International Journal of Health Sciences and Research

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Review Article

Year: 2018 | Month: July | Volume: 8 | Issue: 7 | Pages: 360-365

Potential Factors Contributing to Vaccine Hesitancy among Parents in Malaysia: An Overview

Albeny Joslyn Panting1, Zaikiah Mohd Zin1, Norrafizah Jaafar1, Komathi Perialathan1, Sheikh Shafizal Sheikh Ilman1, Muhd Ridwan Zakaria2

1Senior Health Education Officer, 2Health Education Officer,
Institute for Health Behavioural Research, Ministry of Health Malaysia, Jalan Rumah Sakit, 50590 Bangsar, Kuala Lumpur, Malaysia

Corresponding Author: Albeny Joslyn Panting


Reducing child mortality by facilitating universal access to safe vaccines of proven efficacy appears to be a moral obligation for the international community. Immunisation has brought enormous positive impacts on the health of children worldwide. In Malaysia, the National Immunisation Programme (NIP) was established in the 1950s with the missions of protecting the child population from vaccine-preventable diseases, reducing endemic cases, as well as decreasing the morbidity and mortality rates associated with vaccine-preventable diseases. However, there are an increasing number of individuals who perceived it as unsafe and unnecessary although vaccination programme has been recognised as one of the most successful preventive measures in public health. Thus, this article provides an overview regarding the potential factors that might contribute to vaccine hesitancy in Malaysia. Vaccine hesitancy issues could be explained based on the Health Belief Model (HBM) and 3s model by World Health Organisation (WHO). Several prominent factors have been associated with vaccine hesitancy, such as low awareness about the benefits of vaccination; availability, accessibility, and affordability; misconception and concern about side effects of vaccine; as well as preferred alternatives medicines. These factors might contribute to the increasing trend of Malaysian parents who choose not to vaccinate their children. Thus, more in-depth studies are warranted to tackle these pressing issues.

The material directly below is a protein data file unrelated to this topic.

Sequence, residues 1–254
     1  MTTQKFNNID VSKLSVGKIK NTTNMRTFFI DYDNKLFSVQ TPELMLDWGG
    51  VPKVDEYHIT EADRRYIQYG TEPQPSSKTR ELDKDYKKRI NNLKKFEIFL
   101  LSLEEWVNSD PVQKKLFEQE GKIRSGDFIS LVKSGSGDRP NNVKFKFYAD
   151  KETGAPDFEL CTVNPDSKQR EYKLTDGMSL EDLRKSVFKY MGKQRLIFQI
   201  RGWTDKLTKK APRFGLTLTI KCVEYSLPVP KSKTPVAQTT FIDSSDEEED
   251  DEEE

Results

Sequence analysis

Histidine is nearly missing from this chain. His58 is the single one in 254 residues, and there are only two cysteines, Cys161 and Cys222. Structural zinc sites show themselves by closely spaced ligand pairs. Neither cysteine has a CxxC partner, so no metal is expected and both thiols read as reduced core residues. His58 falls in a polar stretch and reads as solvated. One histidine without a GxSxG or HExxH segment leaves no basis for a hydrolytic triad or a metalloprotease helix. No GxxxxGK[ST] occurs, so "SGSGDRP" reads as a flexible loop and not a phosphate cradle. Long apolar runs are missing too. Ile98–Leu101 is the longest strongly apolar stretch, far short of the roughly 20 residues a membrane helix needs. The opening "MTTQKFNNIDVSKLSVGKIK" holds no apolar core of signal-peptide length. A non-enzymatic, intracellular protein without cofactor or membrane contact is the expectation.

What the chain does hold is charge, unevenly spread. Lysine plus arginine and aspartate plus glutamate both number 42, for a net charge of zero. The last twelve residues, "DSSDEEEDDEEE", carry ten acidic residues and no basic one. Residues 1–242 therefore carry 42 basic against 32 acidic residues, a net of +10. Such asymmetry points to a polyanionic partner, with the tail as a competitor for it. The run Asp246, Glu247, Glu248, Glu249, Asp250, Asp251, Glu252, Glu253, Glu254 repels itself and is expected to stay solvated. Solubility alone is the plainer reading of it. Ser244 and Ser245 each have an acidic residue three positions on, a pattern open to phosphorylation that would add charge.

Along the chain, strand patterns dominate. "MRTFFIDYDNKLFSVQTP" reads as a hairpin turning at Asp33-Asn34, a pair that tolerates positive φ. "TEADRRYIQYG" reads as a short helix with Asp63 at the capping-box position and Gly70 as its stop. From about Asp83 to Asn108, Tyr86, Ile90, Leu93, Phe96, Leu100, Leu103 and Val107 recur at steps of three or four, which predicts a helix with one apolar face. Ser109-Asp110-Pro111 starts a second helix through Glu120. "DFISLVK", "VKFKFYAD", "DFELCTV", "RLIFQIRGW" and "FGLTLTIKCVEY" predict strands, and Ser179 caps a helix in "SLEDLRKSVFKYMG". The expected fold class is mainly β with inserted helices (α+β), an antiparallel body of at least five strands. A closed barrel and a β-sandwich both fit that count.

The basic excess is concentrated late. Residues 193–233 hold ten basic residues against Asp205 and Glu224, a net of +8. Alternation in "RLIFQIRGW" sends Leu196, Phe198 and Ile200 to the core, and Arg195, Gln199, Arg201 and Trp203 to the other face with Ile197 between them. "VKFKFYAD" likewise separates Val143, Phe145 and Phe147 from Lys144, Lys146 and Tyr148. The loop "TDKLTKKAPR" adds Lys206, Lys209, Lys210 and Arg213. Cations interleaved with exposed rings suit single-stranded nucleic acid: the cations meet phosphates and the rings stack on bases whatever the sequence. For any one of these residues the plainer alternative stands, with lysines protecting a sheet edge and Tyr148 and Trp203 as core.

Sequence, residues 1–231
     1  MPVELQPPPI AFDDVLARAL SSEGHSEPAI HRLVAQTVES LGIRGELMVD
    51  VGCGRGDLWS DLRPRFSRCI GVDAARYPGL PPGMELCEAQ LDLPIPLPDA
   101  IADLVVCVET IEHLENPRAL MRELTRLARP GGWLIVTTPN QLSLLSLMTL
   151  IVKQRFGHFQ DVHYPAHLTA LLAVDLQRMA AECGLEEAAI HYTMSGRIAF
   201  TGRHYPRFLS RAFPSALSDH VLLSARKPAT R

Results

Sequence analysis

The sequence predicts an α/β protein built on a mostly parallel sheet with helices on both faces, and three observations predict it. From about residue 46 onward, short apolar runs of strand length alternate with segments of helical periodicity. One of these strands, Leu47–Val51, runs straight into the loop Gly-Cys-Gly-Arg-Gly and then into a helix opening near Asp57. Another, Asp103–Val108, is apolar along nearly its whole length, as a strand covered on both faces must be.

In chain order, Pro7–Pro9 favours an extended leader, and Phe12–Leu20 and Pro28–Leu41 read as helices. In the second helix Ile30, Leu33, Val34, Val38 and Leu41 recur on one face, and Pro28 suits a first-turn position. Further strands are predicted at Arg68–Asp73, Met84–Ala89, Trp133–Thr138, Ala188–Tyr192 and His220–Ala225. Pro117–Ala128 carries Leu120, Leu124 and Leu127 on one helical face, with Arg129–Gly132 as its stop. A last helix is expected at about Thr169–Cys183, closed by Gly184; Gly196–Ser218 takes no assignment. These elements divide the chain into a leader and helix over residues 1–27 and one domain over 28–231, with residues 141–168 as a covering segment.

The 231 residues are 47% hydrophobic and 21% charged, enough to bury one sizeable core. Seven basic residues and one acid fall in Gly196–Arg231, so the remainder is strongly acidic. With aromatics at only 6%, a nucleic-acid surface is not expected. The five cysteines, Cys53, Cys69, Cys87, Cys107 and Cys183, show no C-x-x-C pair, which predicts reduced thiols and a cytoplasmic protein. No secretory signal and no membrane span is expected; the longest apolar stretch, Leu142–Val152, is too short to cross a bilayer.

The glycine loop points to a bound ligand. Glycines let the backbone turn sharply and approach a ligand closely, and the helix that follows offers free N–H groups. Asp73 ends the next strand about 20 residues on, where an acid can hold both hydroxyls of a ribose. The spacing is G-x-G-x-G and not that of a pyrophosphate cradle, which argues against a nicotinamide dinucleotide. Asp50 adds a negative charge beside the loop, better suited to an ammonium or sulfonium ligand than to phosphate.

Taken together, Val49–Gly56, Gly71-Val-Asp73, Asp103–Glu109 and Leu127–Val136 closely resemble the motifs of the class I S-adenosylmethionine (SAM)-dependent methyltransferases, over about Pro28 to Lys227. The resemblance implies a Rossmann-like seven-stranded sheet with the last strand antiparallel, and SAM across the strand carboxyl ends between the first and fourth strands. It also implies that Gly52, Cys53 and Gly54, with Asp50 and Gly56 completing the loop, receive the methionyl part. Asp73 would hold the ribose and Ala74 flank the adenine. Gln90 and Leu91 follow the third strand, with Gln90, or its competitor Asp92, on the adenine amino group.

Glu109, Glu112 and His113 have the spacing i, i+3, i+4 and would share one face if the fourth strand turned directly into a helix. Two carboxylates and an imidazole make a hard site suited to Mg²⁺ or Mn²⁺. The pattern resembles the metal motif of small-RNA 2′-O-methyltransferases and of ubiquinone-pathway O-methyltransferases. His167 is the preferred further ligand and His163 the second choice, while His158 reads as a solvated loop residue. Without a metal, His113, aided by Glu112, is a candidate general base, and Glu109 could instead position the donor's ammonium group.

Key words: vaccine hesitancy, vaccination, potential factors, Malaysia .

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